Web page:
664 F.2d 667
Doris A. GROSS, as the next friend of and on behalf of
Yolanda Scott, Debra Scott, and Tina Scott, minor
Patricia Roberts HARRIS, Secretary of Health and Human
Seneca V. HOWARD, as Next Friend, on behalf of Gregory
Howard, a Minor, Appellant,
Richard S. SCHWEIKER, Secretary of Health and Human Services
and State of Missouri, Appellees.
Leola McLAURIN for herself and as next friend for Gregory
Patricia Roberts HARRIS, Secretary of Health and Human
Dorothy McPHERSON, individually and as next friend of her
minor children, Patrick McPherson and Lawrence
Patricia HARRIS, Secretary, Health, Education and Welfare, Appellee.
Nos. 81-1241, 81-1387, 80-2196 and 81-1043.
United States Court of Appeals,
Submitted Sept. 16, 1981.
Decided Nov. 25, 1981.
J. L. Whaley, argued, Brooke A. Berger, Richard D. Chase, Harry J. Nichols, Dennis W. Fox, argued, St. Louis, Mo., Sawyer Marglous, Clayton, Mo., for appellants.
John Ashcroft, Atty. Gen., Leslie Ann Schneider, Asst. Atty. Gen., Jefferson City, Mo., for intervenor.
Robert D. Kingsland, U. S. Atty., Joseph B. Moore, argued, Wesley D. Wedemeyer, Bruce D. White, Asst. U. S. Attys., St. Louis, Mo., for appellee; Paul P. Cacioppo, Regional Atty., Region VII, Dept. of Health and Human Services, Robert VanNorman, Frances E. S. Reddis, Attys., Dept. of Health and Human Services, Kansas City, Mo., Stanley Ericsson, Dept. of Health and Human Services, Baltimore, Md., of counsel.
Before BRIGHT, HENLEY and ARNOLD, Circuit Judges.
HENLEY, Circuit Judge.
These consolidated appeals are from orders of various district court judges granting motions for summary judgment in favor of the Secretary of Health and Human Services. In all of these appeals, appellants are urging (1) that the former Sections 474.060 and 474.070 of the Missouri Statutes unconstitutionally discriminate on the basis of legitimacy and sex under Trimble v. Gordon, 430 U.S. 762, 97 S.Ct. 1459, 52 L.Ed.2d 31 (1977), and (2) that Trimble should be applied retrospectively, so that the claims for child insurance benefits which are the bases for these appeals may be paid. We reverse, 503 F.Supp. 894.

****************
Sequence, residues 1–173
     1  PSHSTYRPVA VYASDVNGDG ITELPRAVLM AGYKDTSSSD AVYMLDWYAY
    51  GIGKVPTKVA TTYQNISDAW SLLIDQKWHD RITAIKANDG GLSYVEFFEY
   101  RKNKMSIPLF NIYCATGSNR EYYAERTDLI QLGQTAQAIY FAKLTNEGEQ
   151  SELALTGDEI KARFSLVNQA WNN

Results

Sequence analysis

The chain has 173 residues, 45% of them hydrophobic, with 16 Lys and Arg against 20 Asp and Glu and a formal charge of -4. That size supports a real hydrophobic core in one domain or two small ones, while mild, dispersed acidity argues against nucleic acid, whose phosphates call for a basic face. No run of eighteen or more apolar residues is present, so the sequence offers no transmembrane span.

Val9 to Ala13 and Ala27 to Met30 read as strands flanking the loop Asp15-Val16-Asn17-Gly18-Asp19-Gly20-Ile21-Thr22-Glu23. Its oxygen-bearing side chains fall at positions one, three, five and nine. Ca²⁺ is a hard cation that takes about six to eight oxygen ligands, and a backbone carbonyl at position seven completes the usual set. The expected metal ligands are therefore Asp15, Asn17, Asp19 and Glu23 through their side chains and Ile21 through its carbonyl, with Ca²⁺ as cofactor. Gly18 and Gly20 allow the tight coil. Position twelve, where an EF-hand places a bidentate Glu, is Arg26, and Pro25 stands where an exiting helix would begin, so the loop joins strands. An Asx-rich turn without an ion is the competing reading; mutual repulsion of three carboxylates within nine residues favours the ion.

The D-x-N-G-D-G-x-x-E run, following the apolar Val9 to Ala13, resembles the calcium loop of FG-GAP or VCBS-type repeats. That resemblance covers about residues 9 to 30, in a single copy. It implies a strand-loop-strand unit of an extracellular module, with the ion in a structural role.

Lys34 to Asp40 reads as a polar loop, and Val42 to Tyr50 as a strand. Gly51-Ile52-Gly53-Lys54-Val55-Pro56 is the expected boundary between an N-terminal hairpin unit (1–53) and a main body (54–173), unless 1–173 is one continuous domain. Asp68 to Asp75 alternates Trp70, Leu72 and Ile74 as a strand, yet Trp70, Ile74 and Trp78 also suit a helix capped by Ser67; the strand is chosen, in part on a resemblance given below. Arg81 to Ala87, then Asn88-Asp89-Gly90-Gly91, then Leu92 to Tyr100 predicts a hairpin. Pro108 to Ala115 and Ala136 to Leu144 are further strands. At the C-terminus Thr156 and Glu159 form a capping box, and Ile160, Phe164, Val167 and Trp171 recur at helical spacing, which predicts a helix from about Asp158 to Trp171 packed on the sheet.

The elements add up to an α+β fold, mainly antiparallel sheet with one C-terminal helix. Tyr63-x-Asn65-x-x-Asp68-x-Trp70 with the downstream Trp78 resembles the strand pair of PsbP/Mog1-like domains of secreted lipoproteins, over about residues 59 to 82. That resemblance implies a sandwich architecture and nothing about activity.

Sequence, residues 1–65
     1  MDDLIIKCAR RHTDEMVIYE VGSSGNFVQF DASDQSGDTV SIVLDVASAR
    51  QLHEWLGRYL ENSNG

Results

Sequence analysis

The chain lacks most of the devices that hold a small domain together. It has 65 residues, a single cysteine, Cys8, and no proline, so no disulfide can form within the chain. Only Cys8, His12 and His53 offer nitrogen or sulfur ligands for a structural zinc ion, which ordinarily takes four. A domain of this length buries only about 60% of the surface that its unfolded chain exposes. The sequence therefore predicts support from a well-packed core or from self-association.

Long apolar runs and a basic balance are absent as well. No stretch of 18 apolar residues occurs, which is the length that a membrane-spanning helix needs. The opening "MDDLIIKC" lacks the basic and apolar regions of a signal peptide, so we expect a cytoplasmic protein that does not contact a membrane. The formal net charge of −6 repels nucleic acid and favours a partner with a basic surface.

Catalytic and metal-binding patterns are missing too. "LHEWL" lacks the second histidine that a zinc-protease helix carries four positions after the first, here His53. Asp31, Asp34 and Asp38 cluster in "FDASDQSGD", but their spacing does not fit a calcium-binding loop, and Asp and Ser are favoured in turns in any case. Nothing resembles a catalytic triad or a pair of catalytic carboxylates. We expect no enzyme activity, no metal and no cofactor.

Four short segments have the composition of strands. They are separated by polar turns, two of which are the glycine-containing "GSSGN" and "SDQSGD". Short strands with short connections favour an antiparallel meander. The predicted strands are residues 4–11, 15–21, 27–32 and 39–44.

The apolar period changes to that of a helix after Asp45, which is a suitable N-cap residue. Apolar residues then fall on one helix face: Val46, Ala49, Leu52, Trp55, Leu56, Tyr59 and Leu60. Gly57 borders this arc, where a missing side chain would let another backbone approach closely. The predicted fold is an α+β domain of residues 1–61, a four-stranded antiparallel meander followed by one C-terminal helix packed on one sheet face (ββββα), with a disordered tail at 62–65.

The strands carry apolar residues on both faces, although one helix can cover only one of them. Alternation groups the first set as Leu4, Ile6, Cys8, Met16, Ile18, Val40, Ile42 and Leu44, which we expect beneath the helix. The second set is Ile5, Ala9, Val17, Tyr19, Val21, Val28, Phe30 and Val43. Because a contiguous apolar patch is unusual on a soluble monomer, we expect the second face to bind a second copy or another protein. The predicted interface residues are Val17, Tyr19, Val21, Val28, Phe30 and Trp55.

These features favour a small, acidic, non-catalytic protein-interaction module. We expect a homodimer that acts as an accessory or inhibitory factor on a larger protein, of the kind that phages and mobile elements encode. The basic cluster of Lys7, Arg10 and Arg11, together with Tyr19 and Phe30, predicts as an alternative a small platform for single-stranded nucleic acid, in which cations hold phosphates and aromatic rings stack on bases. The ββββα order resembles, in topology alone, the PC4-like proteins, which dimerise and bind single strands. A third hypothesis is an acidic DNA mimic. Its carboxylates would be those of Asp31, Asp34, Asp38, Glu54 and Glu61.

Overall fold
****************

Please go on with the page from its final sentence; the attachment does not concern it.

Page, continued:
Briefly, the Social Security Act provides four methods whereby an illegitimate child of a deceased wage earner may properly claim child's insurance benefits based on the earnings record of the deceased. In essence, three of these methods allow recovery if (1) the infant is a child of a marriage rendered invalid by some legal defect, (2) the deceased wage earner was actually living with or contributing to the support of the infant claimant at the time of the wage earner's death, or (3) the deceased wage earner had (a) acknowledged the infant claimant in writing, or (b) been decreed by a court to be the claimant's parent, or (c) been ordered by a court to support the claimant on the basis of parenthood. 42 U.S.C. §§ 416(h)(2)(B), 416(h)(3)(C)(i), 416(h)(3) (C)(ii).
Appellants do not contend that they are entitled to benefits under any of the approaches set forth above. There exists, however, one other avenue by which an illegitimate claimant can show entitlement to benefits based on the wages of his or her father, and it is this avenue that appellants contend is open to them.
42 U.S.C. § 416(h)(2)(A) states:
(2)(A) In determining whether an applicant is the child or parent of a fully or currently insured individual for purposes of this subchapter, the Secretary shall apply such law as would be applied in determining the devolution of intestate personal property by the courts of the State in which such insured individual is domiciled at the time such applicant files application, or, if such insured individual is dead, by the courts of the State in which he was domiciled at the time of his death, or, if such insured individual is or was not so domiciled in any State, by the courts of the District of Columbia. Applicants who according to such law would have the same status relative to taking intestate personal property as a child or parent shall be deemed such.